The transport of ions across the interface between two immiscible liquids, like water and oil, is a central process in a variety of phenomena, including the separation and extraction of solvated molecules, chemical sensing, phase-transfer catalysis and pharmacology. Often, the ion transport is mediated by specific ion ligands through a mechanism called facilitated ion transfer, and these ligands can be used, in principle, to control the transfer of charge across an interface.
Various experimental techniques have been applied to study the microscopic processes involved in the ion migration between two immiscible liquid phases in order to provide guidelines for the optimisation of the ligands in specific applications. In particular, electrochemical approaches, including cyclic voltammetry, scanning electrochemical microscopy and micro/nano-pipette experiments, yield phenomenological information concerning the charge currents at an interface, which can be used to estimate reaction rates and to analyse the ion transport mechanism at a high level of detail. In several situations, however, this analysis is far from straightforward, particularly when multiple kinetic steps affect the observed currents in the liquid phases and at their interface. In these cases, methods with higher interface selectivity – i.e. not relying on purely phenomenological information – are needed to arrive at a reliable model of the interfacial transfer kinetics and mechanism.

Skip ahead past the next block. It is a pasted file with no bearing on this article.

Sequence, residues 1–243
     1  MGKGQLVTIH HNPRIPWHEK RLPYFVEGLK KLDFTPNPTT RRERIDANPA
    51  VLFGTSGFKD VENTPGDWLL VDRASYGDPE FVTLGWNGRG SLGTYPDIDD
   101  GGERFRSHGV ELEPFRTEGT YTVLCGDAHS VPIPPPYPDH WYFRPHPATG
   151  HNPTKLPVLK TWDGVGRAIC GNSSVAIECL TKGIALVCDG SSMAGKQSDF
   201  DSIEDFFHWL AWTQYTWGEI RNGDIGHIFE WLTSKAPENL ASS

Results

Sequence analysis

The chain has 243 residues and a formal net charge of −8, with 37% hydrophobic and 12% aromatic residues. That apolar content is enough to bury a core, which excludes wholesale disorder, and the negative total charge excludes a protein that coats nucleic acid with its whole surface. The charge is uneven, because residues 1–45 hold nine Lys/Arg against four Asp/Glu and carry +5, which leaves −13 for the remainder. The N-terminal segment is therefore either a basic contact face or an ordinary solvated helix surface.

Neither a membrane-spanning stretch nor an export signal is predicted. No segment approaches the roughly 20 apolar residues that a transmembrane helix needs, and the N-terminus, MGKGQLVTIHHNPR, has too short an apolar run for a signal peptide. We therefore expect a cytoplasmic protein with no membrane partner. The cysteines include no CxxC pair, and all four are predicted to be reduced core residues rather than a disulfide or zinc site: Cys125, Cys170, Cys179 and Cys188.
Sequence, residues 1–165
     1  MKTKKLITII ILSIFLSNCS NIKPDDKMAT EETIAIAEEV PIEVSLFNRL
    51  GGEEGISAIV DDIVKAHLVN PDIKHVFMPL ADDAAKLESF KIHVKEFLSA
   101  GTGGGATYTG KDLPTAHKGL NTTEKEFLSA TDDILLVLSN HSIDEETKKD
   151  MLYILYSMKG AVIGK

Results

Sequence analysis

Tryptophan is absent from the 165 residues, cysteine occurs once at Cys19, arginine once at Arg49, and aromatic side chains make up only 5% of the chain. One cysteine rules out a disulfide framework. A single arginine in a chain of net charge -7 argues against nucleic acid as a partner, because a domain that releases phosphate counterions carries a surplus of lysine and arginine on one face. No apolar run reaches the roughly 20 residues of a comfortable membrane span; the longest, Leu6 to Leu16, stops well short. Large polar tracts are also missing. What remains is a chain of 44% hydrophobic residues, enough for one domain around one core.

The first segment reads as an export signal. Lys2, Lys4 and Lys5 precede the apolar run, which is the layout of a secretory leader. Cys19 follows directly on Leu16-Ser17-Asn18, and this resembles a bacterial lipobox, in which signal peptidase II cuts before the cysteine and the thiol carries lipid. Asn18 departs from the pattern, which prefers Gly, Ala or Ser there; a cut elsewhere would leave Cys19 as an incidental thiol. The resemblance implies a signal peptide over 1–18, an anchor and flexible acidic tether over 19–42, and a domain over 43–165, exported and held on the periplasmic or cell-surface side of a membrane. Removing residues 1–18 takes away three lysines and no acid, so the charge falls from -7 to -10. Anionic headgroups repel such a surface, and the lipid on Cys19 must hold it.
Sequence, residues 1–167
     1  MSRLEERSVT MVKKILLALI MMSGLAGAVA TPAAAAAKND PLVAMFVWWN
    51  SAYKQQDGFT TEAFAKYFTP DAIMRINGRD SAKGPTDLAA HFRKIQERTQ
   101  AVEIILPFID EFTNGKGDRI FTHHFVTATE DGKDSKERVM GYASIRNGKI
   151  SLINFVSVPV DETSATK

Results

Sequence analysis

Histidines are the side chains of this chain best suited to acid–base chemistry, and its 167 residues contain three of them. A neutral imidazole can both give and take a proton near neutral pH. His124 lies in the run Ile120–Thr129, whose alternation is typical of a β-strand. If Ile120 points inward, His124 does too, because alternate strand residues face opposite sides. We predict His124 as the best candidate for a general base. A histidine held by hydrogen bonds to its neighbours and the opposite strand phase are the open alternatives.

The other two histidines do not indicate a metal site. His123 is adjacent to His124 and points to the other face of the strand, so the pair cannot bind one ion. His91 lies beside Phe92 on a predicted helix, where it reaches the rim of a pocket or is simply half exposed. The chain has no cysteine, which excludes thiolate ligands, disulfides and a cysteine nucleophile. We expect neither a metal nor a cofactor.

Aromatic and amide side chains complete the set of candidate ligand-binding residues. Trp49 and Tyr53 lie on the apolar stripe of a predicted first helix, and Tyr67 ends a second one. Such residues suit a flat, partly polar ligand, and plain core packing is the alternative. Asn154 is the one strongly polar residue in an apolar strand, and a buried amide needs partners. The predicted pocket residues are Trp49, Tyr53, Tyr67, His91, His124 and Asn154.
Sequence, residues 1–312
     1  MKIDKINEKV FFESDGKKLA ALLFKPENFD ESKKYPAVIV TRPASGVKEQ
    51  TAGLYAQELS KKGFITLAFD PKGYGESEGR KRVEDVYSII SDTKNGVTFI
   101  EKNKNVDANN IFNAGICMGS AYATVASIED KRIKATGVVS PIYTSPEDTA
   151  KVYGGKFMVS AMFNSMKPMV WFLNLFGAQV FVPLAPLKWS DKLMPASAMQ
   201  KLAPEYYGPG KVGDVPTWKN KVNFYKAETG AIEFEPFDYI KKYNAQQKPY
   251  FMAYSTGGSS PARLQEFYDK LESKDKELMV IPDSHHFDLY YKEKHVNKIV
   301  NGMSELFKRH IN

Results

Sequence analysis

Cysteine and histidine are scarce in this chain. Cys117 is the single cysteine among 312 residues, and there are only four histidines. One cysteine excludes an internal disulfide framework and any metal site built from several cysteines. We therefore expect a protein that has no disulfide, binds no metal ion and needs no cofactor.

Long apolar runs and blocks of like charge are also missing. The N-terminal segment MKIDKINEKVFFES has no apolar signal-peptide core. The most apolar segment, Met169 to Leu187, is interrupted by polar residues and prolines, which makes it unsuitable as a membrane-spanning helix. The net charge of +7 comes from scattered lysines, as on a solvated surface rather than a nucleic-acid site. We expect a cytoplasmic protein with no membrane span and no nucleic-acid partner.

Another challenge in the study of liquid-liquid interfaces is the determination of their microscopic structure, whose knowledge is of crucial importance in understanding ion transfer mechanisms. A limited number of experimental techniques, like sum frequency generation and X-ray spectroscopy, are capable of providing structural information for interfaces between different classes of liquids, but the study of structural fluctuations remains extremely challenging with these methods alone. To overcome these limitations, Prof Akihiro Morita of Tohoku University in Japan has been developing computer simulation techniques that provide an atomistic picture of the structure of liquid-liquid interfaces and allow one to follow their evolution in real time. His approach has been used to gain unprecedented insight not only into the microscopic mechanism of ion transport and on the structure and dynamics of various liquid-liquid interfaces, but also into the effect of different ligands on the transport kinetics.